Filling The Proverbial Flask: We Review The Oni Press ‘Rick & Morty’ Volumes

As of the date we post this, Rick and Morty won’t be back for a good two weeks. Which you think fans would be used to after having the never-ending saga that was asking “when will it return” and not accepting the fate that the show will probably slowly become like The Venture Bros. and come back once every few years when they decide it’s good. So aside from watching reruns on Hulu, how do you go about filling the void? Through comics! I’m still shocked that die-hard viewers don’t even know that Oni Press has been producing a comic book series based on the show since April 2015. Oni managed to hook a few new readers during Free Comic Book Day this year by releasing the first issue to entice people to check it out. But how does the series hold up so far? We snagged the first five volumes and decided to see what they had to offer.

First, let’s get to the two primary basics: No, Dan Harmon and Justin Roiland are not writing this series. A few different people have been tackling the primary writing duties including Zac Gorman, Pamela Ribon, Tom Fowler, Kyle Starks, and Marc Ellerby. Second, while the art style emulates Rick and Morty, it isn’t what you would call an exact copy. The artists were given a lot of liberties with this series and while the characters do look like their animated counterparts, you can tell they’re just a little bit off. Now if these two things ruin a comic book for you before you’ve even taken it off the shelf, you’re doing yourself a disservice. A lot of TV/comics don’t share the same vision but both turn out perfectly fine.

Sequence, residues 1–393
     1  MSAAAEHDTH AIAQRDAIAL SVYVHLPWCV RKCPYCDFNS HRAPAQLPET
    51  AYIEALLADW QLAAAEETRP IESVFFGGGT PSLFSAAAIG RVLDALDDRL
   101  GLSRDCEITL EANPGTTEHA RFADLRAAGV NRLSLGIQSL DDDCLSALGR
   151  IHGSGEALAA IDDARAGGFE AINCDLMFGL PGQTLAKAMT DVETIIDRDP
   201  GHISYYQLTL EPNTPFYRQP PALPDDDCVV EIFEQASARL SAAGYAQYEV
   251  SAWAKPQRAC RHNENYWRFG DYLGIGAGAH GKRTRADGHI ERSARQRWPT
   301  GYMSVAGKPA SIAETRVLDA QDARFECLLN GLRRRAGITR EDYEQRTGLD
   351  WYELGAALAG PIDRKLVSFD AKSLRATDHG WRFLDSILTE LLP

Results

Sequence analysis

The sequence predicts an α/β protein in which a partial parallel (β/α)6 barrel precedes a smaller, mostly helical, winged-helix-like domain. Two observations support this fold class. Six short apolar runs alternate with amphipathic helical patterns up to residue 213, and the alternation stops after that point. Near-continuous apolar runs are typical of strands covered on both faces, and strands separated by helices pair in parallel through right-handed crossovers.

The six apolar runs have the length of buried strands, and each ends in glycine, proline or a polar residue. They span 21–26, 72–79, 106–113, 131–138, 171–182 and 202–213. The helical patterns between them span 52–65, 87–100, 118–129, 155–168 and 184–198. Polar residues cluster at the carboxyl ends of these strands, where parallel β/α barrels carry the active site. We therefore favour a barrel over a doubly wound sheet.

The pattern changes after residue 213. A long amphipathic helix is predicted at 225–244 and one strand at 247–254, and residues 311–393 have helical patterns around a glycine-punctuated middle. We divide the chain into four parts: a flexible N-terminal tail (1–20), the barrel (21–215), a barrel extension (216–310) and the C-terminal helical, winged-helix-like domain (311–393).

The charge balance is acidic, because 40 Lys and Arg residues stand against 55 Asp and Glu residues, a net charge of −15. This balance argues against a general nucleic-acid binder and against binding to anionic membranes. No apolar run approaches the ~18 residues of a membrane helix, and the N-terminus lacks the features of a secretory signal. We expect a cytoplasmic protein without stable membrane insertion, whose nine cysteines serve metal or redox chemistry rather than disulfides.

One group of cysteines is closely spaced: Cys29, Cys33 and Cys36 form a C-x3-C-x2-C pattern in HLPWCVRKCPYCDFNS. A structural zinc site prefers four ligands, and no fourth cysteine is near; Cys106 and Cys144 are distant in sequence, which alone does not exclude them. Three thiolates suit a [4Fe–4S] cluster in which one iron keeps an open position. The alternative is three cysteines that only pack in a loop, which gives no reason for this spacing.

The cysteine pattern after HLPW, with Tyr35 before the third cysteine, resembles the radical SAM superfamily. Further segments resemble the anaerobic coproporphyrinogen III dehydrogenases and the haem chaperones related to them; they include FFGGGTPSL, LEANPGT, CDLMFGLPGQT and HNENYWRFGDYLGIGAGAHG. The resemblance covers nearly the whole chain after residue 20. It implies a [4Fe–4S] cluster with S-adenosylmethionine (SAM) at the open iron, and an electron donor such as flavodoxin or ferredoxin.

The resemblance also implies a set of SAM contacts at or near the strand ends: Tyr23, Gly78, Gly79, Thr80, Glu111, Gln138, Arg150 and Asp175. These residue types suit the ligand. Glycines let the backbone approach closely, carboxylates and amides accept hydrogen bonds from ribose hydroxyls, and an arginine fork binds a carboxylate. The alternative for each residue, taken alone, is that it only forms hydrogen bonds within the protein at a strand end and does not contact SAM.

Storyline wise, these are a combination of awesome story telling and weird comic book tropes. Much like the show, the comic has no issue poking fun at pop-culture, as seen with their version of Doctor Who called Professor Tock, or the return of Scary Terry, or the “evil” universe where the family is all deformed and killing people. The comic also takes risks the show wouldn’t, which is saying something considering how often they break the fourth wall. But nowhere else in their universe would I get an entire issue dedicated to an “episode” of Ball Fondlers, or the return of Dumb Rick, or exploring Summer as an absolute badass beyond her Mad Max experience.

Subtle storylines like turning Morty into an Emporer or dealing with the careless Peacock Jones shows that the writers are determined to give you an experience beyond the show that could feel like it belongs on TV. Sometimes it doesn’t work, like the return of Tiny Rick or having a Jerry who is the dominant male in the family. While those sound cool in theory, they don’t come off well on paper and turn into the comics that you kind of want to skip over. Even the return of Mister Meeseeks feels a little out of place in a universe where the out of place is common. That being said, the good outweighs the bad, especially when you’re looking at the series in bulk.

Overall, if you need a Rick and Morty fix, you can’t really go wrong with this series. Of the five volumes currently out by Oni, Volume Four is probably the weakest while Volume One is the strongest. You can see where the series both picks up and loses it’s stride as writers swap out, and it would probably be more beneficial to Oni if they picked a single writer to run through the series for a year rather than every couple of issues. That being said, there are great stories in this series that are worth your time to explore and make for great reading if you absolutely need more Rick and Morty in your life.

Filling The Proverbial Flask: We Review The Oni Press ‘Rick & Morty’ Volumes

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